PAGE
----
A group of Chilean and Argentine researchers, A. A new mammal from the age of dinosaurs with habits similar to modern skunks In a tourist area near Torres del Paine, the University of Chile reported Thursday.
Named species Orretherium tzen, Which inhabited 72 and 74 million years ago in the High Cretaceous period, at the end of the Mesozoic Era, was found in the Magallanes region, in the far south of the country.
“Besides being the second mammal in the era to be found in Chile, it represents a subspecies that has not yet been found in this country and helps fill a gap in the evolutionary history of a mysterious group of mammals that have become extinct and those currently have no descendants.” University of Chile paleontologist Sergio Soto said.
“The interesting thing is that this finding includes or is based on a fairly well preserved portion of the jaw with five teeth in situ and this allows us, thanks to dental morphology, to know that this was an animal that was possibly an omnivore diet.”
The discovery was published by the Scientific Reports of the Nature group, by experts from the University of Chile, in partnership with Argentine researchers and the Antarctic Institute Chile.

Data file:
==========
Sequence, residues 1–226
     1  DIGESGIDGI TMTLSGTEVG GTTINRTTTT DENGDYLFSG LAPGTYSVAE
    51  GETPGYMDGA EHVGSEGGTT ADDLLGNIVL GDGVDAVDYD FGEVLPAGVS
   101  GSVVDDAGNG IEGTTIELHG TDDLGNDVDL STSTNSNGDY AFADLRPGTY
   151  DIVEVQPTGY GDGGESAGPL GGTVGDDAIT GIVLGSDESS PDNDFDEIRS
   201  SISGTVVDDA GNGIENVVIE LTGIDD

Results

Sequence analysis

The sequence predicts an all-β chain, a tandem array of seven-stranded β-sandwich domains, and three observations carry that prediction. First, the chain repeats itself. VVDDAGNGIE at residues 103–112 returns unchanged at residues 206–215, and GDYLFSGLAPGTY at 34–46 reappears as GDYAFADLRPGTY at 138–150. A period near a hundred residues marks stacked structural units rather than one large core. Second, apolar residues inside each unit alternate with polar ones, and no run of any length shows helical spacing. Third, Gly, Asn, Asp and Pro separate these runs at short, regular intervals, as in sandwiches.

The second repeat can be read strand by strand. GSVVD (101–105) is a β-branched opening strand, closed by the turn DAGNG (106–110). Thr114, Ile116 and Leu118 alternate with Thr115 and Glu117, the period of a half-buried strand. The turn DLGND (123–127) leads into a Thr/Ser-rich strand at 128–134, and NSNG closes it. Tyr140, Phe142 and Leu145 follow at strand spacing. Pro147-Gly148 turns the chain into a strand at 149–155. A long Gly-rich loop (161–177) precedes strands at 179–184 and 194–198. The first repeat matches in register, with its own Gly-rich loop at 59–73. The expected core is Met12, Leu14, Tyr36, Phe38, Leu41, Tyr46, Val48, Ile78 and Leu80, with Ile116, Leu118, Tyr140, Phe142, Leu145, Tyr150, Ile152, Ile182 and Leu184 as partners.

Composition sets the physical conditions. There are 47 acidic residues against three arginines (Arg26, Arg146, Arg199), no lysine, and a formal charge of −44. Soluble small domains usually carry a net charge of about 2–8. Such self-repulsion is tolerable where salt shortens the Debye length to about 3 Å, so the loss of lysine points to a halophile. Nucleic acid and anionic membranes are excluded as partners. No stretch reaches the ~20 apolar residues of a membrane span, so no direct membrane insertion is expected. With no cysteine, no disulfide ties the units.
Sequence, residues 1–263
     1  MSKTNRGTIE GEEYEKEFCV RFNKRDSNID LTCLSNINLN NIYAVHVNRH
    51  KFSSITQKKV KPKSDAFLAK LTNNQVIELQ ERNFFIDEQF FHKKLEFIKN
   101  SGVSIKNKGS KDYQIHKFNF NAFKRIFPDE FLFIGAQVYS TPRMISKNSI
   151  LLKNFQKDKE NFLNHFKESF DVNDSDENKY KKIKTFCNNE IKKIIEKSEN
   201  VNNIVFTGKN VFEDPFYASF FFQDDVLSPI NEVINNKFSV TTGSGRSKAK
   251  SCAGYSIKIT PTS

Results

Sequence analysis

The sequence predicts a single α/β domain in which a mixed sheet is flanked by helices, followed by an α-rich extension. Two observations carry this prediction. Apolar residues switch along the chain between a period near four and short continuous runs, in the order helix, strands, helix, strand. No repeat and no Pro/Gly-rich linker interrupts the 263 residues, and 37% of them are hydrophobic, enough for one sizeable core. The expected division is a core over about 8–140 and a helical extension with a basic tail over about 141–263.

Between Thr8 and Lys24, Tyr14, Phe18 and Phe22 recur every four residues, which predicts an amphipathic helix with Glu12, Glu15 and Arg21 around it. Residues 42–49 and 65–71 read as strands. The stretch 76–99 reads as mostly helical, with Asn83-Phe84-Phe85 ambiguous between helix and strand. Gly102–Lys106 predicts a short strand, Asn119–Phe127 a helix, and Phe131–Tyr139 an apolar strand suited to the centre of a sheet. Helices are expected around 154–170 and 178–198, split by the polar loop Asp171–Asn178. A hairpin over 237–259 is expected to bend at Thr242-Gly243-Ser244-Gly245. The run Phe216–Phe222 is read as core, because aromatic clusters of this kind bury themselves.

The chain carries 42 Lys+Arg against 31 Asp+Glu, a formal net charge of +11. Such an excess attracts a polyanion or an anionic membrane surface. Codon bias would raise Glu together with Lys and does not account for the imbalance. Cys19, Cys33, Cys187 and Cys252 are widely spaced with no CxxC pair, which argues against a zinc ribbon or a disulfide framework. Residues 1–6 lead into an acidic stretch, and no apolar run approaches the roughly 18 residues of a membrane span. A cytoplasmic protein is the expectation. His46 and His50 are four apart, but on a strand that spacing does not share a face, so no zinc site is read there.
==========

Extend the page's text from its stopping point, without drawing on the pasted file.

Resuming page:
The discovery comes on the heels of the discovery last year of another mammal called Magallanodon baikashkenke, similar to the platypus and marsupial mammals.
The Orretherium tzen Live with it Magalanodon Bikashinki And dinosaurs are like titanosaurs. It would have an appearance, proportions, and eating habits similar to those of modern skunks, as determined by the researchers by the part of the jaw with teeth that allowed it to be identified.
Orre means “teeth” in Aonikenk, terium “beast” in Greek, while species tzen means “five” in Aonikenk, referring to the preservation of the five consecutive teeth in the jaw.
“This and other discoveries that we will announce in the future, I think reveal a huge potential for palaeontology at the southern tip of Chile.” Soto indicated.
“We are finding things that we did not expect to find that will help us answer a lot of questions that we have had for a long time about dinosaurs, mammals and other groups,” he said.